And that's why public choice economics, which explains why all this was going on, was at the root of almost every episode of Yes Minister and Yes, Prime Minister. Jay, however, has elsewhere emphasized that he and Lynn were interested first and foremost in the comical possibilities present in government and bureaucracy and that they were not seeking to promote any agenda: "Our only firm belief on the subject was that the underlying conflicts between ministers and ministries were better brought out into the open than kept secret". The writers were inspired by a variety of sources, including sources inside government, published material and contemporary news stories. Some situations were conceived as fiction, but were later revealed to have real-life counterparts.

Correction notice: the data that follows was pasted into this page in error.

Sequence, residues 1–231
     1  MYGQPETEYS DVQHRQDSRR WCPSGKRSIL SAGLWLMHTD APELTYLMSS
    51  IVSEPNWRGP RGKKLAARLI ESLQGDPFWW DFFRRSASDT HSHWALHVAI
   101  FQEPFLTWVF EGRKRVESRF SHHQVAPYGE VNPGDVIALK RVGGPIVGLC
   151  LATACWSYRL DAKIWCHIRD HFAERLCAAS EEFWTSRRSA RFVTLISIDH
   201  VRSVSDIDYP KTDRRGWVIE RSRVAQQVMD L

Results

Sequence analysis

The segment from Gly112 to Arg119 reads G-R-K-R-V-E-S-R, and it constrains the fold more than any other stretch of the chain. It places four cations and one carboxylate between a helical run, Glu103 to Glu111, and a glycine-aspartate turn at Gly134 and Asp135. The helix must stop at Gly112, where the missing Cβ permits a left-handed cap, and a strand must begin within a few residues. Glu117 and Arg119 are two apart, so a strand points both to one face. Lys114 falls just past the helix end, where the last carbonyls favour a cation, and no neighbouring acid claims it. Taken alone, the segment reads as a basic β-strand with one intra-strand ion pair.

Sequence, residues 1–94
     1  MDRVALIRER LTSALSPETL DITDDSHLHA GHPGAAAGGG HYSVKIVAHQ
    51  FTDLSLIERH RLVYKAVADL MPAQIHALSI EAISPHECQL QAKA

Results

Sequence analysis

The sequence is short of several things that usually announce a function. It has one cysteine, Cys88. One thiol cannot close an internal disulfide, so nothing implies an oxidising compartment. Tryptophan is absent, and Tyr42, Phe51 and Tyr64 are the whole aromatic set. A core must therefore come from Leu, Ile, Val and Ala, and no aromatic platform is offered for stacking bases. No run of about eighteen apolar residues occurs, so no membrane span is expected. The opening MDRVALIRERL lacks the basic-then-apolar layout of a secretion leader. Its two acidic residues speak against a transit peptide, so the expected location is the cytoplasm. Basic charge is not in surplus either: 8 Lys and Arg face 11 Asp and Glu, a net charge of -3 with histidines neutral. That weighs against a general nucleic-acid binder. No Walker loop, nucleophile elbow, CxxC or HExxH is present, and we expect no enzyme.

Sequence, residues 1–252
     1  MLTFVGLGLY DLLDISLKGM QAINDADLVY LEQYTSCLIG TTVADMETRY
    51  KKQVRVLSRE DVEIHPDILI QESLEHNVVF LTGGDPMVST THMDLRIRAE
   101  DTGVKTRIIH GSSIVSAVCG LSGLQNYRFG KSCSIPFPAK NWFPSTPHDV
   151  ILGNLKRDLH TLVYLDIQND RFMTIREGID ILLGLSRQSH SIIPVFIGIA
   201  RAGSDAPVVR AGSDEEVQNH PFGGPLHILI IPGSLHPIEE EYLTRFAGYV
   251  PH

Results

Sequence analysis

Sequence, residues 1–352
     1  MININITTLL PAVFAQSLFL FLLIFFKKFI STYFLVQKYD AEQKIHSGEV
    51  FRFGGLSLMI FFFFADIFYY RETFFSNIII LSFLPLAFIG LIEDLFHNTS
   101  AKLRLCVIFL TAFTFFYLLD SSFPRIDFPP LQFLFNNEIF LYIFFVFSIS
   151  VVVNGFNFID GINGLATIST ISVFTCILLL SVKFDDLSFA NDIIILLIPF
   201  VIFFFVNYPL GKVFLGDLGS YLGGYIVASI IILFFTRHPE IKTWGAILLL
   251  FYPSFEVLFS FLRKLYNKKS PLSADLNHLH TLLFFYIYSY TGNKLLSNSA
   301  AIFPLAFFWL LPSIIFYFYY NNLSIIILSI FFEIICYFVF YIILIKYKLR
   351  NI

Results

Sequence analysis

The episode " The Compassionate Society " depicts a hospital with five hundred administrative staff but no doctors, nurses or patients. Lynn recalls that "after inventing this absurdity, we discovered there were six such hospitals or very large empty wings of hospitals exactly as we had described them in our episode. In a programme screened by the BBC in early , paying tribute to the series, it was revealed that Jay and Lynn had drawn on information provided by two insiders from the governments of Harold Wilson and James Callaghan , namely Marcia Falkender and Bernard Donoughue.